I like food. A lot. And as much as I try and write characters that are radically different from me, inevitably parts of myself end up creeping in. One character will share my shyness, another will tell bad jokes that sound a lot like mine and pretty much all of them will really, really enjoy food. All of the important events of their lives seem to occur with the backdrop of a Chinese restaurant, or a fish and chip shop, or eating Tim Tams in a pillow fort. No, really. I think they might need to hand themselves over to Overeaters Anonymous. (Luckily no one seems to put on weight with all this eating they do. Perks of being a fictional character.) My first novel, Girl Saves Boy, was published in 2010. It's a contemporary YA, and since I'm Australian, they eat a lot of Tim Tams and hot chips. There's also a lot of adventuring and funny-sad scenes and awkward teenage romance.
To me, it makes a lot of sense that all of the most important scenes in the book center around a meal - in the real world, so many of our celebrations and friendships and experiences are based around food. Christmas lunch! (Far superior to presents.) Catching up with old friends over afternoon tea! Cooking a meal for someone! Takeaway nights with the family! And what characters eat say a lot about them - the father of one character might eat takeaway all the time, which says a lot in regards to cooking skill (and parenting skills). Also, evoking a really great meal in a book is about as close as I will ever get to being a master chef. When I write, very little of my own life comes through (my life is quite boring; the fictitious lives of my characters are very exciting, but also pretty intense and sad. I think I'm happy with my lot), but my food tastes and lots of other little details come though. (Novel-writing is actually a pretty self-indulgent thing.)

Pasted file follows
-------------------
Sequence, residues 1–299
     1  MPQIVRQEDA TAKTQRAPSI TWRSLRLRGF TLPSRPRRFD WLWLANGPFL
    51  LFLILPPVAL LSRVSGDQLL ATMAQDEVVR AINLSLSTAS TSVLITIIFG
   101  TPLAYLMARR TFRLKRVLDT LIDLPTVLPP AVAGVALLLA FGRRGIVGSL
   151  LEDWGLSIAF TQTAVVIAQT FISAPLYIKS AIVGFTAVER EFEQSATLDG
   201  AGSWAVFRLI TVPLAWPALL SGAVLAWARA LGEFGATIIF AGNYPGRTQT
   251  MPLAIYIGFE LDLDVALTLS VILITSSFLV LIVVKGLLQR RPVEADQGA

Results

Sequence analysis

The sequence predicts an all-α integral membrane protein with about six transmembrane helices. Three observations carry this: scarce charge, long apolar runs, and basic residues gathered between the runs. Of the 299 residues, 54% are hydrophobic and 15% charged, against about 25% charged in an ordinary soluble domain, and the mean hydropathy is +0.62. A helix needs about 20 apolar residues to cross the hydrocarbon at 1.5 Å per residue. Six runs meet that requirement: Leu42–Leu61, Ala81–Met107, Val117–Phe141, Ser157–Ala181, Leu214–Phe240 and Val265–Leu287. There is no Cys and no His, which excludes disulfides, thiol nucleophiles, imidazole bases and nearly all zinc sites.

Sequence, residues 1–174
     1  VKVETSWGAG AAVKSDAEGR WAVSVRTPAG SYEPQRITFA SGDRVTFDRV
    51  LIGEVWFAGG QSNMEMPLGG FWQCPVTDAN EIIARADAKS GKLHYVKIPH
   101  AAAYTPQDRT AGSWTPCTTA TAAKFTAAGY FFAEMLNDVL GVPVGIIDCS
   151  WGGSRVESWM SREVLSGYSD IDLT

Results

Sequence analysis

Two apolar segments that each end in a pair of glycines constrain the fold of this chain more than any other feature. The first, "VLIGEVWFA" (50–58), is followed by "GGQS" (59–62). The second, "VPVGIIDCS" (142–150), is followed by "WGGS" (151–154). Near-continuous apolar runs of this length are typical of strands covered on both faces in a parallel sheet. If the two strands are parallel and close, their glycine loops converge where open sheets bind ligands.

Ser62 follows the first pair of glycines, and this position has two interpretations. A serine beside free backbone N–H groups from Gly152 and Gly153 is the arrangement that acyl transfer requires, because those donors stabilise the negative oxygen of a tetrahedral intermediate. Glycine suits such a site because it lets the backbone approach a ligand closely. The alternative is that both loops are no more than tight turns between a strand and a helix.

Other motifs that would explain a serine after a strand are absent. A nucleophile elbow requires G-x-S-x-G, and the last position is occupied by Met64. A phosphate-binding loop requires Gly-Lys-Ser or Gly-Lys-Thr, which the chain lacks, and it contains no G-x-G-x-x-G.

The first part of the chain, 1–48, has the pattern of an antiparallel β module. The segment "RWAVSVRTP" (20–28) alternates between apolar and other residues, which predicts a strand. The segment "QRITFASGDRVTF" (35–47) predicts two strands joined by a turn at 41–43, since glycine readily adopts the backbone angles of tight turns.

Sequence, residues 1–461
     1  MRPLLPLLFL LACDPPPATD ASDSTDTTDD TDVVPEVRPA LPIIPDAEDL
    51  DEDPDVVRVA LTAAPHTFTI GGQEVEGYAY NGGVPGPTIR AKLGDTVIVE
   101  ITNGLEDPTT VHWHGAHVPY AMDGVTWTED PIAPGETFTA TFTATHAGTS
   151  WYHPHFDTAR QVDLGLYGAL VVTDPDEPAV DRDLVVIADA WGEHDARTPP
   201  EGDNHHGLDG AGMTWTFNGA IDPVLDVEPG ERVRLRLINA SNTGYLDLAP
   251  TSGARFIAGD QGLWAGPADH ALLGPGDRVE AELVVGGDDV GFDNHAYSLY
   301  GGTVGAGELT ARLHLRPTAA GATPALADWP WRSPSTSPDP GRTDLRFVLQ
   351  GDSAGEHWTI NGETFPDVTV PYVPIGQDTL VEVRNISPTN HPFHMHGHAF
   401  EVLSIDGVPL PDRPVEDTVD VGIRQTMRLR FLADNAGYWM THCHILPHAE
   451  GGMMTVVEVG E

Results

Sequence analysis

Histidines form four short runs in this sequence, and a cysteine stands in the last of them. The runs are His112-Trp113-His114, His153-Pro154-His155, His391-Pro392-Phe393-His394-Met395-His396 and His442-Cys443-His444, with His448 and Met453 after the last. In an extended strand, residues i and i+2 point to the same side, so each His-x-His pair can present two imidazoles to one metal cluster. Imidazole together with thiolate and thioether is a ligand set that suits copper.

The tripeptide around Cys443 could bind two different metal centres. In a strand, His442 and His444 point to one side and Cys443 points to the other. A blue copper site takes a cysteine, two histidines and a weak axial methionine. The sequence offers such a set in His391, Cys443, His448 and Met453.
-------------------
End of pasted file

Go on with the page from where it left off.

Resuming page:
Some of the important parts of Girl Saves Boy made better by food include:
- The protagonist, Sacha, and one of his best friends, True, go out and eat Yum Cha at an establishment called Lucky House. (I based this restaurant on a real one - I didn't even change the name - but sadly my real-world Lucky House closed shortly after the publication of my novel. Coincidence? I hope so. I loved that restaurant.) Sacha loves the dumplings, but also has important news to share with True, which he kind of avoids telling her by instead stealing a lobster (living!) from the restaurant in question.
- Little Al (Sacha's other best friend) is an always-snacking teenage genius. He shows up at Sacha's house with a newspaper parcel of chips, he sits at the bus stop chatting to Jewel (the other protagonist) with a bag of M&M's, and when Sacha visits his house (and Al's very bogan, very friendly, sprawling family) Al's mother is always cooking something.
- I cringe at the fact that a large part of my novels tend to centre around romance - I am the least romantic person ever - but there is a romantic scene where the characters eat Tim Tams, because Tim Tams are really quite glorious. But again, I cringe. Other people seem to dig romance, though, so that's the main thing. Also they go out for hot chocolates. They quite like chocolate, these romantics.
And then there's more! Sausages in bread at the fete and electrolyte icypoles in the nurse's office while one character has a very dramatic realisation! In my second novel (still editing this one), one protagonist lives on instant noodles and fruit roll-ups, while another is always eating waffles in truck stop cafes - characters with very different lifestyles, but who are actually quite similar. One character communicates solely through conversation hearts. Which is problematic.
Thanks so much for hosting me on your blog, Shelley! Writers, I encourage you to remember that your characters do in fact need to eat (unless they are non-eating aliens or inanimate objects) and they might as well eat really nice food. It's all calorie-free, after all.
Thank you for stopping by to share your food for thought, Steph!
You can find Steph here: